North Korea says recent launch tested a 'new type' of ballistic missile
North Korea announced it fired a pair of guided missiles Thursday — the nation’s first ballistic missile launches in a year.
The test of a “newly-developed, new type” of missile was announced Friday by Pyongyang’s Korean Central News Agency. A day earlier, South Korea, the United States and Japan confirmed the launches, which officials said were ballistic missiles.
“The newly-developed, new-type tactical guided missiles are a weapon system which improved the weight of its warhead to 2.5 tons while using the core technology of the already-developed one,” KCNA reported.
North Korea’s Academy of Defense Science, which conducted the launch, said it was "very successful just as it had been confidently predicted," according to KCNA.
The missiles “correctly hit the target set in the 600-kilometre waters on the East Sea of Korea,” the agency reported, using the Korean name for waters also known as the Sea of Japan.
“Through several times’ static firing test of motor and test-firing, we have confirmed the reliability of the improved solid-fuel motor and also reconfirmed the irregular orbit characteristics of the low-altitude gliding and skipping flight mode which has already been applied to other guided missiles,” the academy said, according to KCNA.
The test was guided by a senior communist official, Ri Pyong Chol, the agency said.
“The development of this weapon system is of great significance in strengthening our military power and arresting all sorts of military threats existing on the Korean peninsula,” Choi said, according to the agency.
The launches come less than a week after Pyongyang fired multiple short-range missiles in the wake of a visit to Seoul by Secretary of State Antony Blinken and Defense Secretary Lloyd Austin.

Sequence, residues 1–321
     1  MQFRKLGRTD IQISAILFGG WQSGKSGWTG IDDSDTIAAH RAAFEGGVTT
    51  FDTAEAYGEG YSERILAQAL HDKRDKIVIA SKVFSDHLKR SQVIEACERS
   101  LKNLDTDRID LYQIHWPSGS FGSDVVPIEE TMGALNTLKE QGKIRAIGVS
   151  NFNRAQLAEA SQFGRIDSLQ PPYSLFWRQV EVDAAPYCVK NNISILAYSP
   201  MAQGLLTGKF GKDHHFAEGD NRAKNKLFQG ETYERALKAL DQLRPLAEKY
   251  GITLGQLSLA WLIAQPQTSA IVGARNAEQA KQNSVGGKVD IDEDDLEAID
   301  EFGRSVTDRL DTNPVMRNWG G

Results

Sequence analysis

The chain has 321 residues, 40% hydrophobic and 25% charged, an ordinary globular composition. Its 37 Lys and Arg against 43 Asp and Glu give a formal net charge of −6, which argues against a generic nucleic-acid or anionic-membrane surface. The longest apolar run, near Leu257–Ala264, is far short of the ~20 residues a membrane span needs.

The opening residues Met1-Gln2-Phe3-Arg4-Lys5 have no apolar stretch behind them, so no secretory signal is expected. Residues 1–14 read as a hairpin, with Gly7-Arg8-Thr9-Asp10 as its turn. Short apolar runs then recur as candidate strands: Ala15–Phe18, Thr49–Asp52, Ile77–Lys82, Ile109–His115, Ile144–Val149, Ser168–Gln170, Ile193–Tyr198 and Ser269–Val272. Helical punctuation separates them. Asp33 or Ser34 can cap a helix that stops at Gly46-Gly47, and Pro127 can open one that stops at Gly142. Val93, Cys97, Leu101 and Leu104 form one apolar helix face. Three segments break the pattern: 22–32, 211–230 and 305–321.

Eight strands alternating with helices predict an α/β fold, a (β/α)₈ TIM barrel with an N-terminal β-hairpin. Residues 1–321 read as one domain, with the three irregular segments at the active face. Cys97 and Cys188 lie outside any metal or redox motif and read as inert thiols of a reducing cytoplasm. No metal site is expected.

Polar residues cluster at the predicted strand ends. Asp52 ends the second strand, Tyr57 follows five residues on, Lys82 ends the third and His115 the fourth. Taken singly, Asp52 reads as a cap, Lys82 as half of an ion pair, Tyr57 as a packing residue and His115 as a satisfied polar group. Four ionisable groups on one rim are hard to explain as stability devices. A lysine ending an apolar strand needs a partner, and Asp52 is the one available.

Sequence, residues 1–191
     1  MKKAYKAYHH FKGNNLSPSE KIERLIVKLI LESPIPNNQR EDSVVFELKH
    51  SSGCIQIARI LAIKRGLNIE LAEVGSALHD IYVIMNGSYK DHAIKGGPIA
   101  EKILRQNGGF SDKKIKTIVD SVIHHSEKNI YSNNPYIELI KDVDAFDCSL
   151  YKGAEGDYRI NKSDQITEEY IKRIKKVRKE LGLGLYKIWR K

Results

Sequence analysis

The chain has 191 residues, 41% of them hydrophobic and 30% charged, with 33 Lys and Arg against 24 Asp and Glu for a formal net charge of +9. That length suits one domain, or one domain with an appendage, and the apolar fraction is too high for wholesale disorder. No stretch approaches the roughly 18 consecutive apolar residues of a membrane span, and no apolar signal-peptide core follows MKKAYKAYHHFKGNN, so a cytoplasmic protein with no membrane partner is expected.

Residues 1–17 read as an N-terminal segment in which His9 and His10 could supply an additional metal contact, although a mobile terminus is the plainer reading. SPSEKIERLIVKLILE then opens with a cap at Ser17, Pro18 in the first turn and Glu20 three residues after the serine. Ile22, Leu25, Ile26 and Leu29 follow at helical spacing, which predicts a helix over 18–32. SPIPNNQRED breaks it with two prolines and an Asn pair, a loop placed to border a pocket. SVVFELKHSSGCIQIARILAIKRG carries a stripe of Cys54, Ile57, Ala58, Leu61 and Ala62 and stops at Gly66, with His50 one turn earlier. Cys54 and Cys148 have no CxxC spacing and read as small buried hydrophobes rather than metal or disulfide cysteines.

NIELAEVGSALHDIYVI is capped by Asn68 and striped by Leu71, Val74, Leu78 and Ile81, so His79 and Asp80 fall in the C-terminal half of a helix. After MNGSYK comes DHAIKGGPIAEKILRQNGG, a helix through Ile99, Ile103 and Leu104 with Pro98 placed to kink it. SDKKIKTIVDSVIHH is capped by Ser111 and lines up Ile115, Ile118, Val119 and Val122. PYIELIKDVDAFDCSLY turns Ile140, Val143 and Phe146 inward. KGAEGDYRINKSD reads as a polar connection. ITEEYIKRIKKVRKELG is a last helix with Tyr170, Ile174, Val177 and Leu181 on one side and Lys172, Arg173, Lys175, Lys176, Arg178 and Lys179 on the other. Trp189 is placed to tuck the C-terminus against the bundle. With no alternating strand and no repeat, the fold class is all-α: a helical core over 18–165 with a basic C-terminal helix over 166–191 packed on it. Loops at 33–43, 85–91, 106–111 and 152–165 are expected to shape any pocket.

At his first formal news conference Thursday, President Joe Biden said of the missile tests: “There will be responses if they choose to escalate. We will respond accordingly but I’m also prepared for some form of diplomacy with North Korean leader Kim Jong Un, but it has to be conditioned upon the end result of denuclearization."
The tests are a violation of United Nations sanctions, which ban the North from developing ballistic missiles.
The administration of former President Donald Trump had turned a blind eye to “minor violations” of the sanctions, said former Air Force officer Ralph Cossa, who now serves as president emeritus of the Pacific Forum think tank in Honolulu.
Cossa, in an email Friday to Stars and Stripes, questioned how the Biden administration will respond.
Without a serious response, North Korea will conduct longer-range tests, he predicted. If there is a serious response, Pyongyang will use it as an excuse to conduct further testing, eventually leading to the launch of an intercontinental ballistic missile, Cossa said.
“Either way, more provocations (annoying actions) are coming,” he wrote. “Nonetheless, failure to respond tells them they can get away with such violations all the time.”
Stars and Stripes reporter Yoo Kyong Chang contributed to this report.